You for Muse

Amor Vincit Omnia (Love Conquers All), a depic...

Amor Vincit Omnia (Love Conquers All), a depiction of the god of love, Eros. By Michelangelo Merisi da Caravaggio, circa 1601–1602 (Photo credit: Wikipedia)

Love poems never suited
me. Too un-sentimental,
a realist, an artist. I
wrote of concrete moments,
never tried sonnets or
romantic poesy. One
must have unrequited
love for that — a permanently
present, happy love says
little. Lives content not to
speak — but, lost un-held
things demand words. Need
expression of absence. Loss
or broken dreams demand
a voice.

Love poems never called
to me. Too realistic, too jaded
for fairy tales. I need
to crave the unavailable,
must have gut-wrenching
deep-set pain to push
the words forward, out of heated
muscle, flesh, heart – the poet
in me found you for Muse –
this reminds me of Greek
mythology, love-hate
relationships with the Oracles.

You will be
like other myths, will
grow distant,
un-useable. With time
an old god no longer
believed to exist. Your
shimmering marble
covered in moss,
decay crossing cream,
old water stains and
some new graffiti
will color you unimportant.

April 2011

One American Soldier (I)


I am writing this a few minutes after midnight on September 11, 2011. The tenth anniversary of an event so tragic and destructive that it is known worldwide simply as  “9-11.”

Almost everyone has a 9-11 story to tell – a pivotal moment when their personal life came to an abrupt halt and suddenly collided  with universal differences, political-religious ideologies, and intentional terrorism.A simple fall day, colored by the blood of family and friends, now defines a generation and its place in American history.

The events of September 11, 2001 – the meaningless destruction, overwhelming loss, intense sorrow, amazing courage, riveting compassion, and dark anger – play through our minds like a Technicolor movie. That day remains frozen in the slow motion replay of my memories just like all other Americans. But, this is not about 9-11 and my memories of that day. This is about one American soldier.

1986: Laser Light Show at Stone Mountain, Georgia

I was listening to the radio a few days ago when the Lee Greenwood song, “Proud to Be An American,” started playing.  My eyes misted in tears as a vivid memory from twenty-five years ago played through my mind. In the Summer of 1986 I was sitting on the grass lawn at Stone Mountain, GA with my then-husband, my two-year-old daughter and my 9-month-old son waiting for the Laser Light Show to begin.

It was our first trip to Stone Mountain Park, following a move to Atlanta the previous year because of a job transfer, and we had a wonderful day visiting the park features and nature trails with the children. We settled down on a blanket on the lawn in front of the mountain and watched a beautiful laser light show (which was a big deal back then!) accompanied by a soundtrack of various songs.

The song, “Proud to Be An American,” began playing, the American Flag appeared on the side of the mountain, and fireworks exploded over our heads. It was a beautiful and inspiring end to the show.

My eyes filled with tears as I looked at my daughter, asleep beside me on the blanket, and then looked into my son’s eyes as he was nursing. I expected the fireworks to scare him, but they didn’t. He kept nursing and staring into my eyes as I sat there with tears rolling down my cheeks. I was overwhelmed by the joy in my life and the patriotic pride I felt as an American. I would never have imagined that, eighteen years later, my son would join the Army and go overseas to fight in Iraq and Afghanistan as a soldier.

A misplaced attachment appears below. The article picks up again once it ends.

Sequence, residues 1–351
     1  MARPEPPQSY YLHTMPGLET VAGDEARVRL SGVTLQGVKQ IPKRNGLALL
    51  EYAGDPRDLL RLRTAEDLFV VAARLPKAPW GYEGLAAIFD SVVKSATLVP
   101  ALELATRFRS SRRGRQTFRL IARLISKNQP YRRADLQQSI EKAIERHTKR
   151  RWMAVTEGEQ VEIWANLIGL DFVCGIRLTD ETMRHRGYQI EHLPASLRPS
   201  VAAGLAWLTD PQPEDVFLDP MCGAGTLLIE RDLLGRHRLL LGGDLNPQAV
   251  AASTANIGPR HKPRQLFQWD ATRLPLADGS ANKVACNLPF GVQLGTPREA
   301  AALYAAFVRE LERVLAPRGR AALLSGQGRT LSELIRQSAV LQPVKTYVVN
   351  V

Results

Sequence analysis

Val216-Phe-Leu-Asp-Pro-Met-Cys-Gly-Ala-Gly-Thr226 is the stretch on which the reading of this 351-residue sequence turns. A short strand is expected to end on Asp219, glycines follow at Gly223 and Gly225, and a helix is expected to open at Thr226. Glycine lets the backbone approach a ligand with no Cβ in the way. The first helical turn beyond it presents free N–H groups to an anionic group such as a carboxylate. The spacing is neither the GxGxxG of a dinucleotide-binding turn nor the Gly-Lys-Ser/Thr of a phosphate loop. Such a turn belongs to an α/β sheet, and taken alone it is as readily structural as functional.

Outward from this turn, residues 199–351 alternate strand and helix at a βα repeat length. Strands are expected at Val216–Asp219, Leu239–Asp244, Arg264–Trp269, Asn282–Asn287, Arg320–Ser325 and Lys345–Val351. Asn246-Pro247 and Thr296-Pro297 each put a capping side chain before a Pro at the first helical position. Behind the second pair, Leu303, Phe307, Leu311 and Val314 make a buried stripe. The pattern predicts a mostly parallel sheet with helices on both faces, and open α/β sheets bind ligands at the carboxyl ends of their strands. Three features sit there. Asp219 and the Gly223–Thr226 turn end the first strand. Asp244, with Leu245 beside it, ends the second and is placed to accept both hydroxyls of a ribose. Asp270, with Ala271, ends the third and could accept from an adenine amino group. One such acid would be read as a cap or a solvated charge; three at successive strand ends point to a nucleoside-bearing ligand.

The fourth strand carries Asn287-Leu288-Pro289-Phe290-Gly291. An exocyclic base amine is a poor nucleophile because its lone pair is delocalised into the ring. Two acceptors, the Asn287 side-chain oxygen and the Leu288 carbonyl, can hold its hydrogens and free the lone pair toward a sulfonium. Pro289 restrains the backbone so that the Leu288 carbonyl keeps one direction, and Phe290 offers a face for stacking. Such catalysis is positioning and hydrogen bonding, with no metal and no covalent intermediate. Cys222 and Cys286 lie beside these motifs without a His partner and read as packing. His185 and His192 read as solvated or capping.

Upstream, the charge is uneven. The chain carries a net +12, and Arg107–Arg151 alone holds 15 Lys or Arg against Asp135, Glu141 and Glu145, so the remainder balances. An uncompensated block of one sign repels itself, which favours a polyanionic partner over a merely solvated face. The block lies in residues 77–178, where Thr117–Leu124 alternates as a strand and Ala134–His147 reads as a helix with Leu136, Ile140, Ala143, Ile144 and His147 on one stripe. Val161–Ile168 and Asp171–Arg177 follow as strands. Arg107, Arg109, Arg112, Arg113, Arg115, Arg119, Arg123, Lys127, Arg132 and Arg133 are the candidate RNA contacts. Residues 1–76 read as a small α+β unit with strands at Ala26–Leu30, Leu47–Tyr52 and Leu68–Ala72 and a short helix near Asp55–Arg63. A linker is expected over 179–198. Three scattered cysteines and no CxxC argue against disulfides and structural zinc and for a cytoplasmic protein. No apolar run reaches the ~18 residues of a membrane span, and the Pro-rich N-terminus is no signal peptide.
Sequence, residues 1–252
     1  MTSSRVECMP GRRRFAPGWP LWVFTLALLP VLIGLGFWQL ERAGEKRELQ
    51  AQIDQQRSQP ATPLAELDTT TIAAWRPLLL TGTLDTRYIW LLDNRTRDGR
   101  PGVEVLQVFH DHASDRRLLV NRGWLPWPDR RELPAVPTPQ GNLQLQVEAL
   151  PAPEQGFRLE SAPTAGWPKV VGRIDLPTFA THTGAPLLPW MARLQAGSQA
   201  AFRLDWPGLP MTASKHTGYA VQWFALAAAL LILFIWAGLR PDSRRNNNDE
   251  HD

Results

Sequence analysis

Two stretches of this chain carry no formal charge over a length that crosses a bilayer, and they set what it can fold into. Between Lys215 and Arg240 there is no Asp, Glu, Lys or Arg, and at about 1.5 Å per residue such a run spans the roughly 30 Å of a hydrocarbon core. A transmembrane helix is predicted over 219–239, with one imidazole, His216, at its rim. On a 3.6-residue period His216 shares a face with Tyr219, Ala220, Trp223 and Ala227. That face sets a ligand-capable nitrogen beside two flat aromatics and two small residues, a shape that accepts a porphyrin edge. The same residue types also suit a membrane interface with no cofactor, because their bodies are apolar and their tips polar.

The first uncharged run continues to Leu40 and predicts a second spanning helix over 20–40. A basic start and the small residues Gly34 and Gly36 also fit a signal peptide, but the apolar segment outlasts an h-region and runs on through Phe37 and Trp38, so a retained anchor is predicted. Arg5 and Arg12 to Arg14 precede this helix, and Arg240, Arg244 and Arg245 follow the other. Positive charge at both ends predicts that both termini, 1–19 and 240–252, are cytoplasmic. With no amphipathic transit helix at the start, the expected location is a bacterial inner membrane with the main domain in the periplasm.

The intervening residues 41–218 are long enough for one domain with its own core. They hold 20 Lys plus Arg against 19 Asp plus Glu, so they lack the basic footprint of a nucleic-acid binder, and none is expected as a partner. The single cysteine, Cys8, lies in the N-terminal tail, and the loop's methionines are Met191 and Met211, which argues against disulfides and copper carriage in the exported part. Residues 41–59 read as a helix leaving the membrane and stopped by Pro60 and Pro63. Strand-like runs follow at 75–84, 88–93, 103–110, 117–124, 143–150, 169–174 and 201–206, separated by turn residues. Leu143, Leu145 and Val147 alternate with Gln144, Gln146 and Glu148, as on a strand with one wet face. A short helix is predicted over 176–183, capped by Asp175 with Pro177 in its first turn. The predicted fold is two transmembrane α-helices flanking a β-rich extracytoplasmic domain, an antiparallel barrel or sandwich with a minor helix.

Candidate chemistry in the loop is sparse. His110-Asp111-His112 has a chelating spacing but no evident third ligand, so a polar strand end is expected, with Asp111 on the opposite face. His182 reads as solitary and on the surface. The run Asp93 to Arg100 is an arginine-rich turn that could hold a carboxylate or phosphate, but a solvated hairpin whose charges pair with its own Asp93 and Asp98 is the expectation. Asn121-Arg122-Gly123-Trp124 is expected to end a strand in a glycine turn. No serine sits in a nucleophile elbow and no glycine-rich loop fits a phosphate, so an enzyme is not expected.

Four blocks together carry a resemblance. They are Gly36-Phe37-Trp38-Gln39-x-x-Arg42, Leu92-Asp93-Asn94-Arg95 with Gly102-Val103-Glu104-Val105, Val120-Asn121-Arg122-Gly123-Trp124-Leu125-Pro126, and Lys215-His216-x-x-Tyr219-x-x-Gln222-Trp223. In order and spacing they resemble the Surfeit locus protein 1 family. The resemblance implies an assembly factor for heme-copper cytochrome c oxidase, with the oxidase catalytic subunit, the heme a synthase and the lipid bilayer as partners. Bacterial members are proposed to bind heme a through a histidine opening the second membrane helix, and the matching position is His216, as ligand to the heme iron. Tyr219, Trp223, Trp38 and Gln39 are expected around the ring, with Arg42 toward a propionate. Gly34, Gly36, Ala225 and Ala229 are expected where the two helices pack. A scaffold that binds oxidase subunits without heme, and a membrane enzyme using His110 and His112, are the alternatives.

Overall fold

On August 31, over seven years after the war in Iraq began, President Obama announced the end of Operation Iraqi Freedom with a withdrawal of combat troops. Obama emphasized that U.S. domestic problems, mainly the flailing economy and widespread unemployment, are more pressing matters to his country. The U.S. will continue to be a presence in Iraq, mainly with civilian contractors but also with a smaller military contingent of approximately 50,000 troops. The remaining troops are scheduled to leave Iraq by the end of 2011.

Read more: Iraq War Timeline, 2010 — Infoplease.com http://www.infoplease.com/spot/iraq-timeline-2010.html#ixzz1XfYUxRyw

 

 

 

Artist: Lee Greenwood
Song: Proud To Be An American

If tomorrow all the things were gone,
I’d worked for all my life.
And I had to start again,
with just my children and my wife.

I’d thank my lucky stars,
to be livin here today.
‘ Cause the flag still stands for freedom,
and they can’t take that away.

And I’m proud to be an American,
where at least I know I’m free.
And I wont forget the men who died,
who gave that right to me.

And I gladly stand up,
next to you and defend her still today.
‘ Cause there ain’t no doubt I love this land,
God bless the USA.

From the lakes of Minnesota,
to the hills of Tennessee.
Across the plains of Texas,
From sea to shining sea.

From Detroit down to Houston,
and New York to L.A.
Well there’s pride in every American heart,
and its time we stand and say.

That I’m proud to be an American,
where at least I know I’m free.
And I wont forget the men who died,
who gave that right to me.

And I gladly stand up,
next to you and defend her still today.
‘ Cause there ain’t no doubt I love this land,
God bless the USA.

And I’m proud to be and American,
where at least I know I’m free.
And I wont forget the men who died,
who gave that right to me.

And I gladly stand up,
next to you and defend her still today.
‘ Cause there ain’t no doubt I love this land,
God bless the USA.

Fact Sheet: Iraqi War

  • Length of official combat operation, Operation Iraqi Freedom: March 20–May 1, 2003.
  • Deployment: More than 300,000 coalition troops deployed to the Gulf region: about 255,000 U.S., 45,000 British, 2,000 Australian, and 200 Polish troops.